Is it Worth it to Start Allergic Foods Early?

Jessica Tomaszewski, MD

Perkin MR, Logan K, Tseng A, et al; EAT Study Team. Randomized trial of introduction of allergenic foods in breast-fed infants. N Engl J Med. 2016;374(18):1733-1743.

Food allergy is increasingly common among children and can occur in up to 8% of children younger than 3 years of age. As a result, the time frame during which to introduce allergenic foods to infants has become uncertain and marked by a great deal of parental anxiety. Parents and caretakers were told for decades to avoid highly allergenic foods at a young age, with the idea that early exposure led to allergic sensitization. However, the Learning Early About Peanut Allergy (LEAP) trial recently revealed that early exposure to peanut in a high-risk population significantly decreased the risk of developing a peanut allergy.

With this concept in mind, the Enquiring About Tolerance (EAT) trial extended the investigation to the general population and to the introduction of other allergenic foods in addition to peanut. Perkin and colleagues conducted a randomized, controlled trial to examine whether introducing several common food allergens (peanut, cooked hen’s egg, cow’s milk, sesame, whitefish, and wheat) at 3 months of age in exclusively breast-fed infants in the general population would prevent food allergies in the first 3 years of life compared with infants who were exclusively breast-fed for approximately 6 months.

More than 1300 infants were randomly assigned to the introduction of 6 allergenic foods (early-introduction group) or the standard United Kingdom recommendation of exclusively breast-feeding until 6 months of age (standard-introduction group). The parents of the infants in the early-introduction group were told to give the children specific amounts of each of the foods every week. All the children were followed until age 3 years. The early-introduction group underwent skin-prick testing at baseline. 

The primary outcome was challenge-proven food allergy to any of the early introduction foods between ages 1 and 3 years, which was examined with an intention-to-treat analysis using a X2test. Secondary outcomes were allergy to individual foods and positive results on skin-prick testing for individual foods. These outcomes were examined using X2 tests or Fisher’s exact test. Of note, the per-protocol population included the participants who adhered appropriately to the assigned regimen of allergic foods.

In the intention-to-treat analysis, there was not a significant difference in the diagnosis of food allergy between the early-introduction group and the standard-introduction group. Food allergy diagnosis at the start of the study was significantly associated with nonwhite race, having siblings, and the presence of eczema at the start of the study. In the per-protocol analysis, the prevalence of any food allergy was significantly lower in the early-introduction group than in the standard-introduction group. This was consistent with what was found in the skin-prick testing group as well. The researchers also noted that consuming 2 g per week of peanut or egg-white protein was associated with a significantly lower prevalence of these allergies when compared with consuming smaller amounts, suggesting a dose-related effect.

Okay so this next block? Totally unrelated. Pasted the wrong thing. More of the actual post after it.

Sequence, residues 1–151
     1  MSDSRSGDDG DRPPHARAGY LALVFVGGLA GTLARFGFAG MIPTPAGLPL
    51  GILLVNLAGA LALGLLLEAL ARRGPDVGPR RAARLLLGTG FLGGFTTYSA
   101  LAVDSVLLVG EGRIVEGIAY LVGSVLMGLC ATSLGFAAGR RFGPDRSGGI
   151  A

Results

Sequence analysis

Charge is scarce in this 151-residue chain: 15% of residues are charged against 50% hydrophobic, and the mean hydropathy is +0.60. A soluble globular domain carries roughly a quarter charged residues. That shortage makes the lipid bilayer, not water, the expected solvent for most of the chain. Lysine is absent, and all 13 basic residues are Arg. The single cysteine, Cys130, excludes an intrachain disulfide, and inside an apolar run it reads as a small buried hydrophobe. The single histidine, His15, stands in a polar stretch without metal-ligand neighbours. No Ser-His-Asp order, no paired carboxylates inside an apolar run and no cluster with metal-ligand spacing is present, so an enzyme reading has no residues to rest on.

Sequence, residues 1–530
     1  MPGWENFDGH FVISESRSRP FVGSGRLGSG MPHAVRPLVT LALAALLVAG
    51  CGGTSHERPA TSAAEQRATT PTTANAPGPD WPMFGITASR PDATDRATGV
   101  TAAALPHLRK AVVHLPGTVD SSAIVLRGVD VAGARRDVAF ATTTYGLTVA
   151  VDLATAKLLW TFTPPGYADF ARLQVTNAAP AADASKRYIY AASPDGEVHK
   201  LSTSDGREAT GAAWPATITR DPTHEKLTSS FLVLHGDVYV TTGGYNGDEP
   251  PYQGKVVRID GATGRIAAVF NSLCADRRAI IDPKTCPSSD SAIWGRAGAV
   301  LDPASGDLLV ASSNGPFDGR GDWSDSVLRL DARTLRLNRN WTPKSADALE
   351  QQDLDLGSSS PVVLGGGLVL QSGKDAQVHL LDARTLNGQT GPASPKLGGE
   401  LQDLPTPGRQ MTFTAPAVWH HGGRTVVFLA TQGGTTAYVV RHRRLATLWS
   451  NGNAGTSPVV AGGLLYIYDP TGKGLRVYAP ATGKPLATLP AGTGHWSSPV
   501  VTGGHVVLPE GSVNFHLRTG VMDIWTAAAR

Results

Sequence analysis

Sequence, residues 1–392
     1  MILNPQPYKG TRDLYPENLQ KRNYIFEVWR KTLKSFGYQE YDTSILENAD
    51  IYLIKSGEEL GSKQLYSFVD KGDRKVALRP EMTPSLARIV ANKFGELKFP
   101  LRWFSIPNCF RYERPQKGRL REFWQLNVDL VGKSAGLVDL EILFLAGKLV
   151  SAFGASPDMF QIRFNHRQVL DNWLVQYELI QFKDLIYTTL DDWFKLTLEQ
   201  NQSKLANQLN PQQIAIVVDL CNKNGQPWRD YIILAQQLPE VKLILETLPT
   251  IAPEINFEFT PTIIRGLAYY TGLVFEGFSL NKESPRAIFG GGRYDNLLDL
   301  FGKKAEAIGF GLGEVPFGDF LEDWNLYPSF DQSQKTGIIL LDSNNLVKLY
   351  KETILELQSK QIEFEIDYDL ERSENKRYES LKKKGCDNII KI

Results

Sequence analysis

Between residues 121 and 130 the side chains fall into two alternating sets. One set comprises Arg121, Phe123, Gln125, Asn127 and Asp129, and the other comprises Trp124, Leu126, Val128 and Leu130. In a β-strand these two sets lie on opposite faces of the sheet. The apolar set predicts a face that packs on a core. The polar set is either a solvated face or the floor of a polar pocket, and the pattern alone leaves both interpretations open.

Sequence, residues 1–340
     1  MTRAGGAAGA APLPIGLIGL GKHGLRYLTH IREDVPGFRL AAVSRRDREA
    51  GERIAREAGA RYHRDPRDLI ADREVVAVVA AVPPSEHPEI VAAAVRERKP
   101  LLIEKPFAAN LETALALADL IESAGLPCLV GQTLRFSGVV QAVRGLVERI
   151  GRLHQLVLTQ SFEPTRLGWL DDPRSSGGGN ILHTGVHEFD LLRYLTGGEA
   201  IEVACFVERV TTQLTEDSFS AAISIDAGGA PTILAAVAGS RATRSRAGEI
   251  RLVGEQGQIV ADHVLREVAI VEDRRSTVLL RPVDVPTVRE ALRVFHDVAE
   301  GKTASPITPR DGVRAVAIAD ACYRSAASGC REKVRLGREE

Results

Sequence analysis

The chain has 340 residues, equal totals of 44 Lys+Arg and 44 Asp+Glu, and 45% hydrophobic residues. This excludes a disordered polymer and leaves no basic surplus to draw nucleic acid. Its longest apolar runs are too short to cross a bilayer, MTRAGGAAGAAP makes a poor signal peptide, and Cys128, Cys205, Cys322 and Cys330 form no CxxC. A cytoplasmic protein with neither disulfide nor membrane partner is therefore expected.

The study’s results indicated that early introduction to all these foods seemed safe, but the protocol prescribed to initiate the foods was difficult for many caretakers to achieve (less than half of the participants in the early-introduction group adhered to the protocol). This lack of adherence makes the interpretation of the significant per-protocol results more challenging. Aversive feeding behavior can be the first sign of clinical food allergy, and this behavior could have created difficult situations to continue administering the allergenic foods as prescribed. Providers also struggled with some of textural aspects of these foods in the setting of immature motor skills and concerns for choking.

Though this study failed to show a lower rate in food allergy in children introduced at an earlier age in the intention-to-treat analysis, further investigation certainly seems warranted. In particular, more research should focus on the dose required to prevent allergies and the development of an early-feeding strategy that feels safe and more amenable to daily life. n


Jessica Tomaszewski, MD, is an Assistant Clinical Professor of Pediatrics at the Sidney Kimmel Medical College at Thomas Jefferson University in Philadelphia, Pennsylvania, and a hospitalist pediatrician at Nemours/Alfred I. duPont Hospital for Children in Wilmington, Delaware. 

Charles A. Pohl, MD—Series Editor, is a Professor of Pediatrics, Senior Associate Dean of Student Affairs and Career Counseling, and Associate Provost for Student Affairs at the Sidney Kimmel Medical College at Thomas Jefferson University in Philadelphia, Pennsylvania.